At the International Solid-State Circuits Conference (ISSCC 2015) Monday Intel’s (NASDAQ: INTC) Mark Bohr gave an update on his company’s progress on the 10nm process node and the push to 7nm.
Intel has yet to lay down exact dates but keen observers of the company know that 10nm is expected next year, with 7nm following two years after (2018).
Bohr, who is an Intel Senior Fellow as well as the Technology and Manufacturing Group Director, said that Intel’s current silicon etching techniques will be sufficient to bring it to 10nm but to move to 7nm a new method will be required. This new method will be revolutionary for two reasons: first it will be a move away from FinFETs (watch this for an explainer of what they are), and will be a post-silicon chip likely using a indium gallium arsenide compound. These types of chips are known as III-V semiconductors, and can be fabricated into smaller and faster transistors.
Before ISSCC 2015 kicked off Bohr did mention that the delays in Broadwell were due to the unforeseen complexities of manufacturing at the 14nm process. However, Bohr said, Intel has learned from its mistakes and the same problems (which were based around yield) are not anticipated for the 10nm process for future chips.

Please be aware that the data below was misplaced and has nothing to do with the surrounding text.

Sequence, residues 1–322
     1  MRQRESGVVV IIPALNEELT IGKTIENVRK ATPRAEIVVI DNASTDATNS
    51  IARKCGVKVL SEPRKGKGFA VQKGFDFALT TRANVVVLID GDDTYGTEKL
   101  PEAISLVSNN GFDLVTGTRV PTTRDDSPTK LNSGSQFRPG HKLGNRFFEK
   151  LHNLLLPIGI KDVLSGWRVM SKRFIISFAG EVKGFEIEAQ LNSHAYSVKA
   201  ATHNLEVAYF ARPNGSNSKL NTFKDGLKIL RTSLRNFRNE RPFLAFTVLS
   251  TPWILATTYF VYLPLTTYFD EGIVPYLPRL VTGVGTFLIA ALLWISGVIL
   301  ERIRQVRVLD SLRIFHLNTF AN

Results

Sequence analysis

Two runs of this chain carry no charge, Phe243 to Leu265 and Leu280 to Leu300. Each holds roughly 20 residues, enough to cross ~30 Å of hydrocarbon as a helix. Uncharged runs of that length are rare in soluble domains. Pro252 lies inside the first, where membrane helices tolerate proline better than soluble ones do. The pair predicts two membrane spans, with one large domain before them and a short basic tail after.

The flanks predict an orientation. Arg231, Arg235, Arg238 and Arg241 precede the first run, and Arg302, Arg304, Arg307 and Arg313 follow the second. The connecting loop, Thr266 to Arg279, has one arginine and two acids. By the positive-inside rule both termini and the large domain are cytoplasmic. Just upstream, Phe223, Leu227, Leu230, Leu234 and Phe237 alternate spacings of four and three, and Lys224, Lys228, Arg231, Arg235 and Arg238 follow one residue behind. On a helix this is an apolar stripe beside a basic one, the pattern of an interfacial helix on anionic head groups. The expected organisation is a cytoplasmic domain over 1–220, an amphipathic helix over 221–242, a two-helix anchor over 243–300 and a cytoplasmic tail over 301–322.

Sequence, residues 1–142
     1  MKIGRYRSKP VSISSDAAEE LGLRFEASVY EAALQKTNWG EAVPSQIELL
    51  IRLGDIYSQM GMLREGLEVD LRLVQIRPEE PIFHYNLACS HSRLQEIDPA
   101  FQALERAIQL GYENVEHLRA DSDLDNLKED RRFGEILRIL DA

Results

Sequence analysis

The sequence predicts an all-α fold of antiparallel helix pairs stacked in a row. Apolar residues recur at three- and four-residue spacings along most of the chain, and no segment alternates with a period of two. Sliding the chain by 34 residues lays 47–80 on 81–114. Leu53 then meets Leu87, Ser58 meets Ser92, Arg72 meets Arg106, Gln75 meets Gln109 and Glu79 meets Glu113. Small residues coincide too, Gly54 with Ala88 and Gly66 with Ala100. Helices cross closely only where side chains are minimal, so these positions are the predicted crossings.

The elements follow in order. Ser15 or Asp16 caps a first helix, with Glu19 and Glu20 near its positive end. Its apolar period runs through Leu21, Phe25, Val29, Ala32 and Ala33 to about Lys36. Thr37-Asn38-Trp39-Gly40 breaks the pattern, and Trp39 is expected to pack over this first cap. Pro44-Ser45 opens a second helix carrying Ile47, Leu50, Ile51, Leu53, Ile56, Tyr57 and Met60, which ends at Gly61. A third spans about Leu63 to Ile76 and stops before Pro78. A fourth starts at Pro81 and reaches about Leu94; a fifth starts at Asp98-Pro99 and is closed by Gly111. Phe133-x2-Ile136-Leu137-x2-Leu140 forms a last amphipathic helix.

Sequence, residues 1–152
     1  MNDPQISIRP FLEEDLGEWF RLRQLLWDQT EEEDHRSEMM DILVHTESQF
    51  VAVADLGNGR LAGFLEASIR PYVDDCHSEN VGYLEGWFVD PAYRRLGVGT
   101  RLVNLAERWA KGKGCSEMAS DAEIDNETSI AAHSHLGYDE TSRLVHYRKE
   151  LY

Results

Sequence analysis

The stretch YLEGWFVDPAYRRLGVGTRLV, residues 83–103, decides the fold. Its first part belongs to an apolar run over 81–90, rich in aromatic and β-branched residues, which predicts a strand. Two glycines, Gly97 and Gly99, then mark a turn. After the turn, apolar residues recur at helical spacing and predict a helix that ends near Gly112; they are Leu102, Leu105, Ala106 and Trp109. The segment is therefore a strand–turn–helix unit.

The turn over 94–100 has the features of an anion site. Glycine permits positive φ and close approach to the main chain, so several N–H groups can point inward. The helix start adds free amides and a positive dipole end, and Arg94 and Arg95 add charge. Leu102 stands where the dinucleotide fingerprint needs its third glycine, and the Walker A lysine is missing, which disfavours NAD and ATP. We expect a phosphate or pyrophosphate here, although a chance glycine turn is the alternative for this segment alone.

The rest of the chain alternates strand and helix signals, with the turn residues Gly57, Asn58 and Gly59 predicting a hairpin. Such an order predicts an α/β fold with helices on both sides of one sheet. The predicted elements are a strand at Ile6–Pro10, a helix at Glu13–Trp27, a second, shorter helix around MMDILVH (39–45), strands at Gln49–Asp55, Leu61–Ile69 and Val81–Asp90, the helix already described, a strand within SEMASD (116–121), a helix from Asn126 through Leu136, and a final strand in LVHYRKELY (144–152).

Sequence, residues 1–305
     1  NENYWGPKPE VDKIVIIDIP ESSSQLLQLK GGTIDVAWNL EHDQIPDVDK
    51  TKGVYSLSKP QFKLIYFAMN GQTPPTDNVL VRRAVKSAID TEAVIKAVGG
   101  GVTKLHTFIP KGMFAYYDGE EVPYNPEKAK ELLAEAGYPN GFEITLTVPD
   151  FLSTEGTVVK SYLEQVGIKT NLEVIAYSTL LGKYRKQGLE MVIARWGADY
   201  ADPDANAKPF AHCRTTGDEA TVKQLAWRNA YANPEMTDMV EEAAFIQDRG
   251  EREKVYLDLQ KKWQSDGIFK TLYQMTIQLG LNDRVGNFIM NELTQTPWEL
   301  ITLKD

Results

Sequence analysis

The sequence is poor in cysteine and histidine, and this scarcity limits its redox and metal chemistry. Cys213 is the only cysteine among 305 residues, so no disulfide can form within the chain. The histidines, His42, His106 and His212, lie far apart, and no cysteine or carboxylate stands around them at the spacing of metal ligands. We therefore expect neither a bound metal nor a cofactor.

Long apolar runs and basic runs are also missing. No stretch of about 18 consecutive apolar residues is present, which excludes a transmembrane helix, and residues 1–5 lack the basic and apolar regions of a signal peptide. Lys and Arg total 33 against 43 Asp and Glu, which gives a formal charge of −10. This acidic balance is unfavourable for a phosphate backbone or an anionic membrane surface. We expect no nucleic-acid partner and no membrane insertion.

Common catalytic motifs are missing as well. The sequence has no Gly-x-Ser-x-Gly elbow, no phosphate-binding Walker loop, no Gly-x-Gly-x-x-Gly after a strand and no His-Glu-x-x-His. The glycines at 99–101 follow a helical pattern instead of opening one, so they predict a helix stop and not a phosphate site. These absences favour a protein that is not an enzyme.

Bohr also said that Intel believes it can continue Moore’s Law at the 10nm level: there will be more transistors on the chip consuming less power. But of course the big story is Intel’s push to a post-silicon era at 7nm. For this Intel, for its part, was light on exact details. It’s still early in the year, so more on its 7nm ambitions can be expected at either IDF Shenzhen in April or IDF San Francisco in September.
More from ISSCC 2015 will be available as the conference continues through the week.